Chicken scandal: state faults company

An inspection by the Department of Agriculture, Forestry and Fisheries has found Supreme Poultry to be in contravention of the Meat Safety Act by injecting excessive quantities of brine into their products.

In a statement released by Noncedo Vutula, the department’s chief director of communication and information, the department said it conducted a visit to Supreme Poultry’s Botshabelo abattoir on January 18 and found that the brine injection currently administered to the poultry is in contravention of official regulations.

The inspection followed reports in City Press regarding a frozen chicken scandal involving Supreme Poultry, the country’s third-largest chicken producer.

The company admitted to “reworking” chickens that have expired.

Company spokesperson Tish Stewart refuted the allegations this afternoon, saying: “Our industry body, the South African Poultry Association, has today taken issue with the department on behalf of the company and the industry, requesting a full retraction of the media release.”

She said that the department has no jurisdiction over the brining process.

“The fact is that brining inspections fall under the department of health, whose regulations Supreme is fully compliant with.”

Stewart added that the health department’s latest report, based on a visit to their Botshabelo plant on December 21 2010, cleared Supreme of any of the “false allegations” made by the agriculture department and gave the abattoir a clean bill of health.

After breaking the story, City Press asked Professor Arno Hugo of the department of microbial biochemistry and food biotechnology at the University of the Free State to undertake an independent probe of the country’s four major chicken brands.

The study found, among other things, that one of the country’s well-known brands weighed 48.37% less when all the fluid had been cooked out of the chicken as a result of a high brine water concentration.

Supreme admitted to having thawed frozen chickens after the expiry date, treated the meat with chlorine, injecting them with brine and attaching a new expiry date.

The company said these chickens are sold at spaza shops and wholesalers.

Vutula said that the recent inspection revealed contraventions that had to do with inadequate process descriptions, keeping and reworking of returned frozen meat.

She said that the department identified this “abuse” as a threat to consumer safety and value for money.

The department has since contracted the Agricultural Research Council to conduct a study on brine injection of chicken meat.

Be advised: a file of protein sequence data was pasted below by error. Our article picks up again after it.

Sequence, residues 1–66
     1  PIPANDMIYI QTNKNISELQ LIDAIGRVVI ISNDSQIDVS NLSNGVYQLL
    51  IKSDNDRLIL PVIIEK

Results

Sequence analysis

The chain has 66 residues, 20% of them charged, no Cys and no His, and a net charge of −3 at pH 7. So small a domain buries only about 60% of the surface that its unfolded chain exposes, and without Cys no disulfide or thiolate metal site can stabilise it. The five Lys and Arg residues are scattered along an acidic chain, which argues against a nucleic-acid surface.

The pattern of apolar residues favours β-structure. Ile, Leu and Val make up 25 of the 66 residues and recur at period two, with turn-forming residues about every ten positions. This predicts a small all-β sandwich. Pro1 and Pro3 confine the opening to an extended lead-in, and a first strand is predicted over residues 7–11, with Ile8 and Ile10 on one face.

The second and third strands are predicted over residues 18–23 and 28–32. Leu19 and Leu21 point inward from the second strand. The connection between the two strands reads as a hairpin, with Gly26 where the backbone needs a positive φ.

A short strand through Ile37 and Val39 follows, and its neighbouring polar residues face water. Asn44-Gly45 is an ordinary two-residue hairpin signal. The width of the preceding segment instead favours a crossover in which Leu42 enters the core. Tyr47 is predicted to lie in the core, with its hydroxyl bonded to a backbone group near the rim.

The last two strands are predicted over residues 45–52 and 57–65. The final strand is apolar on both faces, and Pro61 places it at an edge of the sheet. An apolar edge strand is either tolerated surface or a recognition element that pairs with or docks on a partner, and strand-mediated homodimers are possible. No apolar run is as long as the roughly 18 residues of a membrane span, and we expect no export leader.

Supreme Poultry’s abattoir in Botshabelo had been instructed to correct deficiencies found at the time of inspection under the supervision of the Free State Veterinary Services.

The agriculture department warned that the method used to re-work frozen chickens by injecting excessive quantities of brine, ranging from 30% to 60% in individual quick frozen (IQF) portions, was an abuse.

Vutula said the method is only allowed on breast meat and using it on all portions of poultry meat was an abuse.

Poultry regulations under the Agricultural Product Standards Act allow the tenderisation of breast meat by the injection of a phosphate solution.

“Excessive quantities of brine were being administered on products leading to excessive moisture loss during defrosting and cooking of such meat.”

Interim results of the Agricultural Research Council research study
» Excessive brine injection of chicken meat leads to high weight (moisture) losses;

» Uninjected control breast portions had ± 5% defrosting loss, compared to ± 24% of those injected;

» A 15% cooking loss on uninjected portions compared to 22% of those injected;

» A 20% total moisture loss on uninjected portions compared to 45% of those injected;

» Nutrient dilution in injected chickens demonstrated by lower protein and energy content. The average was 6.87% protein dilution and 211.65% energy level dilution;

» Brine injection resulted in elevated salt levels (average 0.37% higher) in IQF portions;

» High sodium levels that may pose a health risk for consumers; and

» A probable solution would be that IQF portions be labelled as products containing added salt and sodium.

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